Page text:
It was a clash of styles and strategies as Kenya’s leading presidential aspirants held their last election rallies in and around the capital, Nairobi, on Saturday.
With the Independent Electoral and Boundaries Commission (IEBC) stipulating August 6 as the deadline for an end to political campaigns, Raila Odinga made a last-minute plea at his afternoon rally to a crowd of supporters who almost filled two-thirds of the Moi Sports Centre in the suburb of Kasarani.
“There is no known fight to make Kenya a better place that has been led by the people on the other side,” he said in a prepared speech that was sandwiched by serenading from Tanzanian superstar, Diamond Platnumz, and the sound of Bob Marley’s Redemption Song from the speakers.
Odinga was referring to being jailed in the 1980s while fighting for the introduction of multiparty politics, and his running mate, Martha Karua’s reputation for having a hardline anti-corruption stance.
“We are running to make Kenya a first-class global democracy and economy,” the Azimio La Umoja coalition presidential candidate said in English. “We are running to build a Kenya of hope and opportunity.”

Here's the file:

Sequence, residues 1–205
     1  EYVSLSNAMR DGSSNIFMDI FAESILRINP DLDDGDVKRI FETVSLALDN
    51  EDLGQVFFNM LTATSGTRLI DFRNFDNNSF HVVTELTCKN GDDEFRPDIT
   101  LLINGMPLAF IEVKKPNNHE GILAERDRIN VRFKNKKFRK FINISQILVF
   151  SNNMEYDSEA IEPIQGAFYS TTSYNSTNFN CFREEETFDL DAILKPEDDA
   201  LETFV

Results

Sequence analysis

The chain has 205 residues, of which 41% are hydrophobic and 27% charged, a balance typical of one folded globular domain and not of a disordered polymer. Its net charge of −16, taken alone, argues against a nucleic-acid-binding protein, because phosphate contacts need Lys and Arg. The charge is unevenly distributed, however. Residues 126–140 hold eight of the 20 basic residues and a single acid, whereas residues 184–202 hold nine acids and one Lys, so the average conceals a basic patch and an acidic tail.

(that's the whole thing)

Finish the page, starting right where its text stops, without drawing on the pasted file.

Around him, coalition supporters made colourful noise, including vuvuzela-blowing youngsters and a robot made of metal and rubber covered in posters.
“Whose hands will dismantle the bandit economy of corruption,” Odinga, 77, asked. “In whose hands are your families safe?”
One of those who applauded the speech was David Otieno, a 60-year-old carpenter and community leader in Mukuru Kwa Reuben slums on the outskirts of Nairobi, who had voted for him in his previous four attempts.
He planned to vote for the former prime minister again on Tuesday, he said, wearing a crown and holding a blue wooden hammer with “Baba the Fifth” inscribed on it, because of a divine mandate.
“God revealed to me that Odinga is the chosen one,” the father of 10 who said he saw a vision of “the handshake”, the 2018 truce between Odinga and President Uhuru Kenyatta before it happened, told Al Jazeera. “Ruto is not a bad person but a leader must be ordained by God.”
Emily Adhiambo, who does menial jobs across the capital, said she walked almost 10km (6 miles) from the Kiambiu slums to see “Baba” Odinga and hear him.
“I have voted for him three times before but he is rigged out,” said the 31-year-old single mother who lauded Odinga’s promise to give Kenyan shilling 6,000 (approximately $60) per month as part of a social protection fund to about eight million people in poor and vulnerable households nationwide. “On Tuesday, we try again.”
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